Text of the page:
The Odyssey by Homer is a metaphor for one man's spiritual quest. Throughout the
story Odysseus develops and growth. Odysseus learns how to use his brain instead of his
hands. He starts to listen to the advices of different people. He also finally understands the
advice given by the blind prophet Tiresias: "It is the journey, not the destination."
At the beginning of the story Odysseus has some weaknesses that prolong his voyage
back to Ithaca. His most important weakness that he possesses is that of his pride. Pride is
good to have, but in Odysseus' case he has to much of it. This is clearly evident in the
episode on the Cyclopes' island. When Odysseus and his men are clearly safe away from
the island Odysseus braggs about his exploit. Polythemus hears this and hurls giant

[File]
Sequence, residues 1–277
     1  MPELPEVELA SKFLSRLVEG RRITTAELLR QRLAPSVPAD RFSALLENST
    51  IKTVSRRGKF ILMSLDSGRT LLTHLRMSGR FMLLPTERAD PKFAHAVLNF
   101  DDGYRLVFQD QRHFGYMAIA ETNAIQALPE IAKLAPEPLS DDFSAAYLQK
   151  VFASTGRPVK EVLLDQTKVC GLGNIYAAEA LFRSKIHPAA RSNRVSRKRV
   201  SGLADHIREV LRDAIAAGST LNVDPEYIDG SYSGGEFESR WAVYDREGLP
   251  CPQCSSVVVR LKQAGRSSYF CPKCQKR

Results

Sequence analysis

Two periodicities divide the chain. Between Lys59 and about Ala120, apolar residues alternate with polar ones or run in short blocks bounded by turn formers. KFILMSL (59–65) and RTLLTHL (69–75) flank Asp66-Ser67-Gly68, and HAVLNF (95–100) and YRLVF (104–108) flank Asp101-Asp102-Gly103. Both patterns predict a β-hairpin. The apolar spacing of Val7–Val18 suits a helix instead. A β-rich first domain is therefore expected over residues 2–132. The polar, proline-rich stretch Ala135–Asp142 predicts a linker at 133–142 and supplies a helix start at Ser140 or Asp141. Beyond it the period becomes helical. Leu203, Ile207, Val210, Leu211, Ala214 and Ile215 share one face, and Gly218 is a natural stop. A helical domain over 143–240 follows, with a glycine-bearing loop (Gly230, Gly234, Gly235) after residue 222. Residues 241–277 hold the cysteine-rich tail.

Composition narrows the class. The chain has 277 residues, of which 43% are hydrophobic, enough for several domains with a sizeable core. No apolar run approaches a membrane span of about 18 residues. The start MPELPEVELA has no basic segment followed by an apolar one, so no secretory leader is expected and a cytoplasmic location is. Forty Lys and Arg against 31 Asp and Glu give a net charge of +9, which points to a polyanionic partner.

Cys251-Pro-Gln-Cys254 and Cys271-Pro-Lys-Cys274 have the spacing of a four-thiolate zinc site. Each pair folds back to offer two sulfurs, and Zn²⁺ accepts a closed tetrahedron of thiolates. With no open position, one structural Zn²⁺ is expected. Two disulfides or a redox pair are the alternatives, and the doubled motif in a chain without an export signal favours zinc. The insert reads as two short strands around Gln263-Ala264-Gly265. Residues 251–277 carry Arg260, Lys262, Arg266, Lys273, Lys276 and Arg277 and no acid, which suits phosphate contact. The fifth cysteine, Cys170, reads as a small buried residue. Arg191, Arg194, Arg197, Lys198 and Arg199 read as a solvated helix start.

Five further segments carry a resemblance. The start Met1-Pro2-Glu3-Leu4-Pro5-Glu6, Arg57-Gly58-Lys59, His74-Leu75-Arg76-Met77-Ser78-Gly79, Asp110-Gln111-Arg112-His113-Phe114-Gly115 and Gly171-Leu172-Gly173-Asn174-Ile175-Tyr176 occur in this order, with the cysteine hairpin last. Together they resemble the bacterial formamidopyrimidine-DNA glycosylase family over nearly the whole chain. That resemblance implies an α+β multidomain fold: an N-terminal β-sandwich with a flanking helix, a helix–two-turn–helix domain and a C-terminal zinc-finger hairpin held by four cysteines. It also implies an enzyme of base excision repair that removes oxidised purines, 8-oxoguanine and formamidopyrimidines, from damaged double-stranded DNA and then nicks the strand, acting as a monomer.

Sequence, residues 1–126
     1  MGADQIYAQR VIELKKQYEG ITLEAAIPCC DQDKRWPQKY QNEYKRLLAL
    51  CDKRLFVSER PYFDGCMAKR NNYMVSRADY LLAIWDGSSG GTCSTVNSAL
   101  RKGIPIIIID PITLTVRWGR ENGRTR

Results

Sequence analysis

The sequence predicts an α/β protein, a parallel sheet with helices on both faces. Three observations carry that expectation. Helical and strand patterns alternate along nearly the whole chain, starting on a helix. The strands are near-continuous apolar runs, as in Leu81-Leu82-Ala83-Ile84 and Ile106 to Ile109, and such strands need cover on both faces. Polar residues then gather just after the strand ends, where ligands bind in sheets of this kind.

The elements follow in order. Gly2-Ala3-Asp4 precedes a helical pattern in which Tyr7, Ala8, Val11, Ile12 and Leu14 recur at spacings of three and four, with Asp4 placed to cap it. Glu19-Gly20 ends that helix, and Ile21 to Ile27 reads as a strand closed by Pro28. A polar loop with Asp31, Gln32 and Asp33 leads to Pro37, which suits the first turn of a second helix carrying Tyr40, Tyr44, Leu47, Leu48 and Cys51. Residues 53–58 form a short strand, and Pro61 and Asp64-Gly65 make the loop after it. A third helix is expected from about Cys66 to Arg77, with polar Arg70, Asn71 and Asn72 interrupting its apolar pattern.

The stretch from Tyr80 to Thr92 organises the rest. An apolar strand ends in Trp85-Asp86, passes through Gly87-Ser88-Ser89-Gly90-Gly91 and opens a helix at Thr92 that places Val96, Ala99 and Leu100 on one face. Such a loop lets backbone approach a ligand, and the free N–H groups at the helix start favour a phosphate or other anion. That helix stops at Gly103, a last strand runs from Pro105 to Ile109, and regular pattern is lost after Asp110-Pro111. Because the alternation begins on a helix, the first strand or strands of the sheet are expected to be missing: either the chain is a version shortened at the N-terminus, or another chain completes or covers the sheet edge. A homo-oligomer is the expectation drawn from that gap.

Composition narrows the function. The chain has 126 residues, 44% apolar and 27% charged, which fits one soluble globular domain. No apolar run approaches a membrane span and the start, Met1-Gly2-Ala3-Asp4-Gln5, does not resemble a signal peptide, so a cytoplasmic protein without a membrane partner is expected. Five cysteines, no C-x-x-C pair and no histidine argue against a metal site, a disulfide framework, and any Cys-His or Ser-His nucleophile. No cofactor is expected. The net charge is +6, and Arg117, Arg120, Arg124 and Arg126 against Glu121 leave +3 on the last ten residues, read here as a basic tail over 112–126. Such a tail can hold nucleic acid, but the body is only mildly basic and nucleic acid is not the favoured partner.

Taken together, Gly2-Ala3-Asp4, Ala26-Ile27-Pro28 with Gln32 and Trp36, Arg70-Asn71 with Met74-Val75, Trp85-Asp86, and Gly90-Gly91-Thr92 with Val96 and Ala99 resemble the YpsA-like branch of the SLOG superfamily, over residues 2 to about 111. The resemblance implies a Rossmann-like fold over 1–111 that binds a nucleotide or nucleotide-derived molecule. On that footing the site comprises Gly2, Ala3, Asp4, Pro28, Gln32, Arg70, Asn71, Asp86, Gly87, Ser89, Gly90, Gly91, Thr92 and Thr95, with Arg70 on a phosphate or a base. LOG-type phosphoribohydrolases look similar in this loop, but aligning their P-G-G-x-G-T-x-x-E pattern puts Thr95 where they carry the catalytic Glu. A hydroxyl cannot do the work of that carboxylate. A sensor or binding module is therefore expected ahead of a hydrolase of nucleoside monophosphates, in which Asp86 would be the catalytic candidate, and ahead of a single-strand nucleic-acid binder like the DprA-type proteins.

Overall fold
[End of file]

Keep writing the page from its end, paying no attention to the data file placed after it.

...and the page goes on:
boulder in the direction of the ship. It came very close to sinking the ship. Still that was
not enough for Odysseus. Carried away in his pride he unwisely gives away his identity to
Polythemus. On page 86 Odysseus says: "It was Odysseus blinded you, taker of Troy,
Laertes son, who dwells in Ithaca." With that Polythemus calls upon his father, Poseidon,
to punish the man who had harmed him. That incident hurts Odysseus more than losing a
few men, because Poseidon makes his travel home ever so longer and arduous.
Yet another weakness of Odysseus is his sensualness. Odysseus enjoys women. He
stays with Circe for one year before his men remind him of home. On page 112
Odysseus says, "So here day after day, the whole year through, we sat at feast with meat
in plenty and peasant wine. But when the year had gone its way my faithful comrades
called me to them and said: Poor spellbound man, think now of your own native land."
That is when Odysseus realizes his weaknesses and starts to change. He actually listens to
Circy's advises. When he reaches Scylla he uses his brain instead of his hands. He...